Despite all the doom and gloom, Australian shares have been doing well. While the ASX closed down yesterday, it has been on a general upward trend since the bottom of the GFC in 2009. Indeed, the total value of the ASX 200 – the top 200 companies on the Australian stock market – is about double now what it was in 2009. If quantitative easing does come into effect, expect the stock market to jump as it did in both the EU and the US when QE was introduced in those markets.
6. Mortgages will become cheaper
|Current average lowest variable rate (3.42%)||One cut||Two cuts|
|Loan size||Annual cost||Annual savings||30-year savings||Annual savings||30-year savings|
Lower interest rates will mean savings for homeowners. With $635 per year back in the pockets of the average homeowner following this cut alone, there will be more cash to spend. The Reserve Bank will be hoping households spend that cash, rather than siphoning it off into savings accounts.
7. Traditional savings accounts will continue their downward slide into redundancy
Big banks have been pushing the rate of interest earned on old-fashioned savings accounts down. As explained in a previous blog, this is likely to encourage customers to switch to bonus savings accounts. However, these tend to have restrictive conditions such as only offering the bonus rate if funds are lodged and not withdrawn each month. While the average traditional savings rate currently sits at 0.45%, the bonus account rate is slightly higher at 1.75%.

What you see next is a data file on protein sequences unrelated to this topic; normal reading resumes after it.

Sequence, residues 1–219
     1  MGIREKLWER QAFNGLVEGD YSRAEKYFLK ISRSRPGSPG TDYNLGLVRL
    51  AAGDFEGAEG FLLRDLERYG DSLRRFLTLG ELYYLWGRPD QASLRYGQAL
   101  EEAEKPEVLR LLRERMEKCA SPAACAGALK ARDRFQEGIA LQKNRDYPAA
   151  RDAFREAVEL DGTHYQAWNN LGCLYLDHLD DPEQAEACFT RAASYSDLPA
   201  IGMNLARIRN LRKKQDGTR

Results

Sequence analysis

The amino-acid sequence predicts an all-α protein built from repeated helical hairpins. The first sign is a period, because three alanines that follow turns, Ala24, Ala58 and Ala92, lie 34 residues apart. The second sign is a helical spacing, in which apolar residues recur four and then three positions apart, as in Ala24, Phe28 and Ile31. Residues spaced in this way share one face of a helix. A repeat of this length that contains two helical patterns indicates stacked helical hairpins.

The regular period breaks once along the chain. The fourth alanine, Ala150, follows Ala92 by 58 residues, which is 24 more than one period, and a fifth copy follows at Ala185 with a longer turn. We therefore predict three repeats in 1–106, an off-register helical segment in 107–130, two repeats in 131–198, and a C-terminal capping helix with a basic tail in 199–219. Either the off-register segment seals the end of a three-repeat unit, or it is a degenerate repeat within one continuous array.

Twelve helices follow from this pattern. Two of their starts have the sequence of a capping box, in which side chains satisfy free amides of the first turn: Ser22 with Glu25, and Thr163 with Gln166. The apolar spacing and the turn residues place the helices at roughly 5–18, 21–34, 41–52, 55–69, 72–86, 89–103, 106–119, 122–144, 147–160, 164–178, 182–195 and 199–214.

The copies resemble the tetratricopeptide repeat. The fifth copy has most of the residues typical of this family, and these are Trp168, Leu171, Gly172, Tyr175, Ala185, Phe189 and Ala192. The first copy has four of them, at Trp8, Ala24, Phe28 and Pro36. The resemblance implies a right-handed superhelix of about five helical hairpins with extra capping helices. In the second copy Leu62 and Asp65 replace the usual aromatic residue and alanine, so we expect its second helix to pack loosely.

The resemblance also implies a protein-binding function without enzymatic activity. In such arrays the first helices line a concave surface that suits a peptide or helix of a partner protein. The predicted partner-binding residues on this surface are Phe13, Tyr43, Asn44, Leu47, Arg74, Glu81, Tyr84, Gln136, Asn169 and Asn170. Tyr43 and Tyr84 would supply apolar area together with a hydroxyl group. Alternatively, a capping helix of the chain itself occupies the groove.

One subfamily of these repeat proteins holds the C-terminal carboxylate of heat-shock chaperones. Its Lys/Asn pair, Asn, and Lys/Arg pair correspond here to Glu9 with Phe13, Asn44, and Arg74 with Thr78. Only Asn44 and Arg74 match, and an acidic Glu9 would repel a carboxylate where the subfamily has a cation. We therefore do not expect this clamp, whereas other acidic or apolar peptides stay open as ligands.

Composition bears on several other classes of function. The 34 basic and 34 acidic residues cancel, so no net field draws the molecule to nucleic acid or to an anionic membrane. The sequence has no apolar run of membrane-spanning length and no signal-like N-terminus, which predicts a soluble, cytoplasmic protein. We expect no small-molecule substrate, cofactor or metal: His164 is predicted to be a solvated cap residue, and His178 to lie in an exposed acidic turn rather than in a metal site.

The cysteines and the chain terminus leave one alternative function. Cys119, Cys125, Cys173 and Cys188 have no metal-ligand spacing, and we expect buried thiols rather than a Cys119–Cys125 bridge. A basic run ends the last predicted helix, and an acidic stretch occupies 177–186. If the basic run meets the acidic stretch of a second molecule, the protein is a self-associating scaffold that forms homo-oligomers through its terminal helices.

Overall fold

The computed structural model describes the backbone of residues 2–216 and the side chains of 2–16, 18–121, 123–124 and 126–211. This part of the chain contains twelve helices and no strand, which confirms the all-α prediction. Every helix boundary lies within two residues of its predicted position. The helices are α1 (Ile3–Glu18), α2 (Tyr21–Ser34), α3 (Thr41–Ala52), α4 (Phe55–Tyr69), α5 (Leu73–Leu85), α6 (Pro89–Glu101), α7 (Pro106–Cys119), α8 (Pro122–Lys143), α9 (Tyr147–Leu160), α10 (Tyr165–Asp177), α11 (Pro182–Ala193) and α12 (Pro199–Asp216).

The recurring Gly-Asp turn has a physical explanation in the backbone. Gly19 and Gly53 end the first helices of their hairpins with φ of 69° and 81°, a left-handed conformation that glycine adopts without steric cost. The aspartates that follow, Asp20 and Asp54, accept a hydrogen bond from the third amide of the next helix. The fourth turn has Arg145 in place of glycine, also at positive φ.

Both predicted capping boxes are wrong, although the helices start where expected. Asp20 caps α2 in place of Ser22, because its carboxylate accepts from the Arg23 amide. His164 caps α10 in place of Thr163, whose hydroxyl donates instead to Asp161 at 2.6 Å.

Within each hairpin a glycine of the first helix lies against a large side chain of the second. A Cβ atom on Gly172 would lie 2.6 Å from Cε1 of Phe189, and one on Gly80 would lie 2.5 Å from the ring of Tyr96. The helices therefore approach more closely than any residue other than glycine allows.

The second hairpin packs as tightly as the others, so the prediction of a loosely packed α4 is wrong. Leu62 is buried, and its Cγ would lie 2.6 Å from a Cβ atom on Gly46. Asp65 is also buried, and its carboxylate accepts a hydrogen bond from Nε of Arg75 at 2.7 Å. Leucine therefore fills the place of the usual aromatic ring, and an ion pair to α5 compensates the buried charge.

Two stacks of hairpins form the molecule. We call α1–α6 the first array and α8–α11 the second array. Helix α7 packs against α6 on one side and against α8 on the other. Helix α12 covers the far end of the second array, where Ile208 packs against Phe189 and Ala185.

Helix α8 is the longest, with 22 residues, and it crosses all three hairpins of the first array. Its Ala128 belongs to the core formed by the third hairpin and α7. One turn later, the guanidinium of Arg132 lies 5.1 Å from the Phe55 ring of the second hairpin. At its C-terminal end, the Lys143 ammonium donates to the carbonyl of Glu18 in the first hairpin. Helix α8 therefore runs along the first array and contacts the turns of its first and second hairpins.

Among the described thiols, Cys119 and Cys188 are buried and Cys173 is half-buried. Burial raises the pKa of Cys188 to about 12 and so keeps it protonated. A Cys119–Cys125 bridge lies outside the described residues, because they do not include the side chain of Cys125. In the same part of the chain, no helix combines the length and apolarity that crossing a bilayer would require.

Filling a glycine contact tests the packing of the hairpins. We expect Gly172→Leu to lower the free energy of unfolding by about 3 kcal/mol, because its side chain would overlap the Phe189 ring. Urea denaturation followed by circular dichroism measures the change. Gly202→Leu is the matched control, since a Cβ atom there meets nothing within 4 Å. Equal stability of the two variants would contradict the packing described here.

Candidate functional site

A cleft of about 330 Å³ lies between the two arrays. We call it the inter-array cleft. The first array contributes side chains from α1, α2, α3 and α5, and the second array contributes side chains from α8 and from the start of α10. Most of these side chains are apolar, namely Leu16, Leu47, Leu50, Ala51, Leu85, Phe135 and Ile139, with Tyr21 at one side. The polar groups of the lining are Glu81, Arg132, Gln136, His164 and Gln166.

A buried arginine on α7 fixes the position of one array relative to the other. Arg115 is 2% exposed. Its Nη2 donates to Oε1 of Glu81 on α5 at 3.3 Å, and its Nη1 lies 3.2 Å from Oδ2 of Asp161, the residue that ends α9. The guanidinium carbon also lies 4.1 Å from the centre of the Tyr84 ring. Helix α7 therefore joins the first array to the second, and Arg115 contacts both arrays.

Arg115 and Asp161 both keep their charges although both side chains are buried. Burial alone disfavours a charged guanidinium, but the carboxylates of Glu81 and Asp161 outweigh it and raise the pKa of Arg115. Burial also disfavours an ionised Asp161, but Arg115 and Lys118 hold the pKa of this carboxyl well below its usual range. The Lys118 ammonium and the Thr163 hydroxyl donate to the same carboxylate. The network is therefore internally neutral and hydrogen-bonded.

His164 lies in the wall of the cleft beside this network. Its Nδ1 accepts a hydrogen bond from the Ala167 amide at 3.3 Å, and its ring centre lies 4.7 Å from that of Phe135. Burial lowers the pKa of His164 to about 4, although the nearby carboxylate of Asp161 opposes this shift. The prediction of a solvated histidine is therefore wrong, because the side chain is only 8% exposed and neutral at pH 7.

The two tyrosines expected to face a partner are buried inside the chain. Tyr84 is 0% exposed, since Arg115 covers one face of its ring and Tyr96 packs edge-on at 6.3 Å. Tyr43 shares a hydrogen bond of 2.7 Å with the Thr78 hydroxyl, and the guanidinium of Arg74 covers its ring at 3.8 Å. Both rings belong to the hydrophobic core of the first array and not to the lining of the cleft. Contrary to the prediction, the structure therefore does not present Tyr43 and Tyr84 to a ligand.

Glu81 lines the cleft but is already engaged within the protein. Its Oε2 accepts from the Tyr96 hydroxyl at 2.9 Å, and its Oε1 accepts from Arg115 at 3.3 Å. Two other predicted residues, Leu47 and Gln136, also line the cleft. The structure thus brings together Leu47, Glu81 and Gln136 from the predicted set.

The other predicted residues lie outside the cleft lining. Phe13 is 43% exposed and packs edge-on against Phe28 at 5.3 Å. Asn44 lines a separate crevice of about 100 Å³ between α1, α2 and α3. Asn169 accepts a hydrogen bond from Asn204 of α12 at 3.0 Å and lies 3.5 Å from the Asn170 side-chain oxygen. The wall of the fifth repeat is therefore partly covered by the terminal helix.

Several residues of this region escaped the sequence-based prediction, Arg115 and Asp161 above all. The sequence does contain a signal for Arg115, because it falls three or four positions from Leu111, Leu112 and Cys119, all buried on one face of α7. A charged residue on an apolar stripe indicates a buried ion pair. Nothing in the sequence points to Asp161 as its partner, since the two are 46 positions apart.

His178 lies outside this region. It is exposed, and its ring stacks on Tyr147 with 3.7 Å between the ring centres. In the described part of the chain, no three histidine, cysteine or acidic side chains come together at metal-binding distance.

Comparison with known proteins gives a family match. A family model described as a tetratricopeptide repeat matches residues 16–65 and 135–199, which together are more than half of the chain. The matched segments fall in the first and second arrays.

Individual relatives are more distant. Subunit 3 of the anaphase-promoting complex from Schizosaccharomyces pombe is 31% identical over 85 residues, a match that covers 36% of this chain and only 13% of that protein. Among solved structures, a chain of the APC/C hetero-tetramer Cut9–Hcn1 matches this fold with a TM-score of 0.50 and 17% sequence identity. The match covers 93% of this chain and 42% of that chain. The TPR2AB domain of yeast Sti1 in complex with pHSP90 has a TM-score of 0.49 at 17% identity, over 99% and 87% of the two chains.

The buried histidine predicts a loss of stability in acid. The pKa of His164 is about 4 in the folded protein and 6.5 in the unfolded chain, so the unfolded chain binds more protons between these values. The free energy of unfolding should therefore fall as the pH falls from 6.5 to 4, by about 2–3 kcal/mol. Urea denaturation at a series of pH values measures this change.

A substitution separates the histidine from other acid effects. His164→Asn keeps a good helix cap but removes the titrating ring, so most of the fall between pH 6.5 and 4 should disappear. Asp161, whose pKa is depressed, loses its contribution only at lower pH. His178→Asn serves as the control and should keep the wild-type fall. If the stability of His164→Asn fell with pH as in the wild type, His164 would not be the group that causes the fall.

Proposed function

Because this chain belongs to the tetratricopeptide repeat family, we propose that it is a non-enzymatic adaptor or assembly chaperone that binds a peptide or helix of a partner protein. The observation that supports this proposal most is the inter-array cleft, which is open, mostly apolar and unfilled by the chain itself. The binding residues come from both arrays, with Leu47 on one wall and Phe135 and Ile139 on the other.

Non-restricted bonus accounts
Many of the smaller online banks offer higher bonus interest rates that have less restrictive conditions. In general, if you open a transaction account and do your day-to-day banking with these banks, that's enough to unlock the bonus rate. There are no specific investment requirements here – once your wages are deposited, you're free to withdraw them or otherwise use them as you see fit. While these products are not monitored by the RBA specifically, the average rate across five of the best right now is 2.39%.
|Rate||3-year interest based on average savings|
|Average basic (online) savings accounts||0.45%||$542|
|Average bonus savings accounts||1.75%||$2,142|
So how much extra can you actually make?
According to a Finder survey of 5,000 Australians conducted from May to September 2019, the average person saves around $650 per month and has $28,500 in their savings account. Based on these savings, the highest rate accounts generate a significant $3,091 in interest, a lot more than the $542 generated by old-fashioned savings accounts. Even in a low-interest world, it's worth investing a little bit of time to make sure you're getting a good rate.
For more information, see my previous blog.
- First home buyers: Housing affordability dilemma as prices climb
- What Aussies Want: Australian 2021 Budget
- Out of cycle: How your home loan rate could increase this year, even if the cash rate doesn’t
- Elon Musk: Transforming Dogecoin from meme to investment
- Boom or bubble: What the next 24 months will look like for the Australian property market